As in the past five years, Yale was ranked third in the U.S. News & World Report national college rankings that came out last week. But perhaps more significantly, as in the past two years, Yale did not return the magazine’s peer review survey that asks for opinions of other colleges.
What might seem like an administrative oversight is actually a major statement in the ongoing national controversy surrounding the rankings system and its influence on the college-admissions process. Dean of Admissions Jeff Brenzel told the News this week that he has not returned the peer review survey since he assumed the dean’s post in 2005. By not returning the survey — but not signing on to a boycott of it, either — Yale has taken a significant step in a continuing effort to walk the tightrope between supporting the anti-rankings movement and maintaining an appropriate distance from the petition-signing tumult.
The 2009 list of America’s Best Colleges places Yale behind Harvard and Princeton universities, which finished in first and second places, respectively, in a reversal of last year’s positioning. Both Yale and Harvard have said that they did not return the 2009 peer review surveys, while a Princeton spokeswoman declined to comment on whether the university had filled out the survey.
Yale was not the only school to decide not to return the 2009 peer review survey — in fact, this year’s overall participation rate among colleges dropped to an all-time low, continuing the downward trend in the number of colleges evaluating each other. The subjective peer review survey is separate from the statistical survey, which asks for quantitative data on the school such as acceptance rates and alumni giving numbers.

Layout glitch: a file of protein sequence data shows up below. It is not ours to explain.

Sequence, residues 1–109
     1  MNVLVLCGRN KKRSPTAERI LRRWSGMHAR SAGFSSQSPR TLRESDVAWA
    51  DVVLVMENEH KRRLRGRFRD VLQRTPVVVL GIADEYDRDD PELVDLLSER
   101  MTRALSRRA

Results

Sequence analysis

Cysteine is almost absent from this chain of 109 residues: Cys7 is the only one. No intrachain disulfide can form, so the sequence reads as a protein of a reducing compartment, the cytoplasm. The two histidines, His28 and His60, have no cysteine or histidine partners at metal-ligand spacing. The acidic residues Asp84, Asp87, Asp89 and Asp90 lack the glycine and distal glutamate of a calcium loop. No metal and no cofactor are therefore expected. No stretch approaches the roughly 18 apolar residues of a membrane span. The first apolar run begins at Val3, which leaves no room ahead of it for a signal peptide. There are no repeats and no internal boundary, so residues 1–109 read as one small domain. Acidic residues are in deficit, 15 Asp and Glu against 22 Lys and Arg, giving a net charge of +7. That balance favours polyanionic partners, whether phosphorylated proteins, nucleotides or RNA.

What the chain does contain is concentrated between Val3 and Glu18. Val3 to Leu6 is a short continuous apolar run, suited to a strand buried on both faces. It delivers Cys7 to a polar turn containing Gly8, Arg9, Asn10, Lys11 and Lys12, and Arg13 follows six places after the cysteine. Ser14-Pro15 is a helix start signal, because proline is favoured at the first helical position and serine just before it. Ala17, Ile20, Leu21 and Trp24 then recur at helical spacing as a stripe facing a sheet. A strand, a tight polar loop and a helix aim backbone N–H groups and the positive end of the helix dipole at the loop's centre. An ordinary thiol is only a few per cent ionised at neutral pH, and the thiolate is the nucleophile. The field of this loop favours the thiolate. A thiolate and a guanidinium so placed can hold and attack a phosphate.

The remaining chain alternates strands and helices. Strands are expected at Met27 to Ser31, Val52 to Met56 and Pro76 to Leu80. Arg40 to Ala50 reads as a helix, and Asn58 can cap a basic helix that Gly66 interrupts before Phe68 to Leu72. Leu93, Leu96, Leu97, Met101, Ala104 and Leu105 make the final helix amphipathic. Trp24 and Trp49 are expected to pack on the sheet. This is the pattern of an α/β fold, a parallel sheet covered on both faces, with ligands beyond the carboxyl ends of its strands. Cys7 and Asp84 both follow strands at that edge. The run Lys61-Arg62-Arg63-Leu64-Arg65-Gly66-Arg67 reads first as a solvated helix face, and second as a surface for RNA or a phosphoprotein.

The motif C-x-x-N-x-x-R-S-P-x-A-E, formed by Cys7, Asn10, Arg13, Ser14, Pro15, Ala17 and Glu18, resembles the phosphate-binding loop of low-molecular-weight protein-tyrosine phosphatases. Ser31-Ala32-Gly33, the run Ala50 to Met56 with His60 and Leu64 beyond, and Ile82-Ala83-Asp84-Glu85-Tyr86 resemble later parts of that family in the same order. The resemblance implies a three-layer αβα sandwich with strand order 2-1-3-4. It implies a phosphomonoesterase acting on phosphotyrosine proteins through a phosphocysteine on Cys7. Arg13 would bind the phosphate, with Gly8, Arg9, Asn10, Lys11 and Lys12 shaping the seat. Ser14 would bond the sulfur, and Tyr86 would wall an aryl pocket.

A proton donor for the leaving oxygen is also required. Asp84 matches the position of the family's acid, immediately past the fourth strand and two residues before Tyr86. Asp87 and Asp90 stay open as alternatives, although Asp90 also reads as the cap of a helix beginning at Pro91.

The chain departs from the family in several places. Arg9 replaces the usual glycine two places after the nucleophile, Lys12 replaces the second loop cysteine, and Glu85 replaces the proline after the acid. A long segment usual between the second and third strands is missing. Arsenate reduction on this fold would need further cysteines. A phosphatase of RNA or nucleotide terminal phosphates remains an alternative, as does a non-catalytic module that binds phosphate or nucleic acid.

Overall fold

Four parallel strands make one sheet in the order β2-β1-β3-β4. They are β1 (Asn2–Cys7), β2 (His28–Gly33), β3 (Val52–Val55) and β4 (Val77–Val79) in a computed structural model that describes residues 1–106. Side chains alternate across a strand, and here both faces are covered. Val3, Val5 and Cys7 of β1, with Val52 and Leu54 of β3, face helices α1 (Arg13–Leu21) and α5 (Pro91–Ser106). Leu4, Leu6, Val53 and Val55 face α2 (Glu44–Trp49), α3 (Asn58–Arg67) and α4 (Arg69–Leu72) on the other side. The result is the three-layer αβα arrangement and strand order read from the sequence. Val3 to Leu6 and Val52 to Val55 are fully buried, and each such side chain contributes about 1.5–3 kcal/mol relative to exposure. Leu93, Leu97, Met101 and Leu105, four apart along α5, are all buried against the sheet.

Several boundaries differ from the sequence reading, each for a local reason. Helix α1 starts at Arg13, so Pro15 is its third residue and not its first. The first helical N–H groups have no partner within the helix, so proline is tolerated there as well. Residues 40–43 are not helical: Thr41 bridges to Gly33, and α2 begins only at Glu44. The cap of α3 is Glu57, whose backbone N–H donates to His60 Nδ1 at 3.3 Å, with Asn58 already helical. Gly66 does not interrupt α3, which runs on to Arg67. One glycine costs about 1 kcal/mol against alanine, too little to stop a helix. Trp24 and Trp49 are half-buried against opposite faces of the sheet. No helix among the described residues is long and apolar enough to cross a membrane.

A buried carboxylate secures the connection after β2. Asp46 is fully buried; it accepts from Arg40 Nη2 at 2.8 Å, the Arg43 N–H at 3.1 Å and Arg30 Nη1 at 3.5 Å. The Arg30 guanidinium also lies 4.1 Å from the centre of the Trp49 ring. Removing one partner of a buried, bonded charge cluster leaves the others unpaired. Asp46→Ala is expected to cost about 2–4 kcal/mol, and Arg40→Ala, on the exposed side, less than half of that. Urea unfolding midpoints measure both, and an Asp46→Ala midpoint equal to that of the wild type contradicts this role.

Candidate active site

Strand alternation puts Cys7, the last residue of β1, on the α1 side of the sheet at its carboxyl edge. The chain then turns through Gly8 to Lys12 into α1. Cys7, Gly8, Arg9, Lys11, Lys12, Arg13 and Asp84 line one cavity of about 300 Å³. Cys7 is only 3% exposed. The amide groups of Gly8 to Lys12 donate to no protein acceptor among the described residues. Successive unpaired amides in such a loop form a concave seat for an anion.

In the past year, Yale has positioned itself in opposition to the magazine’s “rigid formula” and ordinal rankings, in the words of Brenzel, claiming that the scores institutions receive do not accurately reflect the full scope of their undergraduate offerings.
Yale has also publicly aligned itself with the anti-rankings movement spearheaded by the nonprofit Education Conservancy. Last September, the University hosted a conference sponsored by the organization to encourage education leaders to discuss alternatives to the current rankings system, and donated $30,000 to help develop such an alternative.
But so far, University President Richard Levin has not joined the 67 college presidents who have signed a letter vowing not to complete the peer review survey, which makes up 25 percent of the magazine’s formula for determining college rankings.
Despite not signing the letter, Yale acted in concert with the rest of the anti-rankings movement by not completing the peer review, sending a clear message to the magazine about how it views the rankings.
“We are not big on signing group petitions or pledges at Yale,” Brenzel wrote in an e-mail. “In general there is the challenge of becoming beholden to other peoples’ organizational agendas or becoming a target for any group who has a worthy cause, but where particular points of difference may arise.”